War of the Rebellion: Serial 119 Page 0998 PRISONERS OF WAR AND STATE, ETC.

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WASHINGTON, February 29, 1864.

Major-General BUTLER, Commissioner for Exchange:

Have you information that Captains Ives and Reed have been released from their irons? If not, please ascertain, if in your power.

W. HOFFMAN,

Commissary-General of Prisoners.

Answer.

I understand that Captains Ives and Reed are not in irons, but have made the necessary inquiries by the flag-of-truce boat, which is expected in hourly.

BENJ. F. BUTLER,

Major-General and Commissioner of Exchange.

OFFICE COMMISSARY-GENERAL OF PRISONERS,

Washington, D. C., February 29, 1864.

Major General B. F. BUTLER,

Commissioner for Exchange, Fort Monroe, Va.:

GENERAL: By direction of the Secretary of War, Captain C. C. Morgan, aide-de-camp, a rebel prisoner in the penitentiary at Columbus, Ohio, has been ordered to be forwarded to you at Fort Monroe, and I am instructed by the Secretary of War to say that he will be delivered at City Point and exchanged for Captain A. H. Stanton, Sixteenth Infantry, now on parole in New York.

Very respectfully, your obedient servant,

W. HOFFMAN,

Colonel Third Infantry and Commissary-General of Prisoners.

OFFICE COMMISSARY-GENERAL OF PRISONERS,

Washington, D. C., February 29, 1864.

Major General B. F. BUTLER,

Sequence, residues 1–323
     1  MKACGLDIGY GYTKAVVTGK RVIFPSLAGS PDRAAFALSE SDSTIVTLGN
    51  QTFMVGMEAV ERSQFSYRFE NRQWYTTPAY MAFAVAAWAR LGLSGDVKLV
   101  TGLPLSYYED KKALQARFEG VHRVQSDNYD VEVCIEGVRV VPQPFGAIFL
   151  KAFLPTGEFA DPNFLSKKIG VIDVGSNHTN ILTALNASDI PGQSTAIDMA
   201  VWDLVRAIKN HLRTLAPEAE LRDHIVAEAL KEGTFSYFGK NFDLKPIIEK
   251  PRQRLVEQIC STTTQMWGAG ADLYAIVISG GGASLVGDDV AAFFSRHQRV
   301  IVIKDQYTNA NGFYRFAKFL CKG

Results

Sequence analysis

Commissioner for Exchange, Fort Monroe, Va.:

GENERAL: I have the honor to inform you that Captain Frank Battle, of the rebel army, has been ordered to Fort Warren and placed in irons, to be held in retaliation for Captain Shadrick Harris, Third East Tennessee Cavalry, who is now reported to be in irons in Columbia, S. C. I would respectfully suggest that the authorities at Richmond be notified of the steps taken in this case, and that when Captain Harris is held and treated as other prisoners of war the same treatment will be extended to Captain Battle.

Very respectfully, your obedient servant,

W. HOFFMAN,

Colonel Third Infantry and Commissary-General of Prisoners.

OFFICE COMMISSARY-GENERAL OF PRISONERS,

Washington, D. C., February 29, 1864.

Colonel WILLIAM WEER,

Commanding Military Prison, Alton, Ill.:

COLONEL: I have just received a report from Surg. A. M. Clark, acting medical inspector of prisoners, of his inspection of the Alton military prison, form which I learn that it is not in a very satisfactory condition. Though many things are in a commendable shape, there are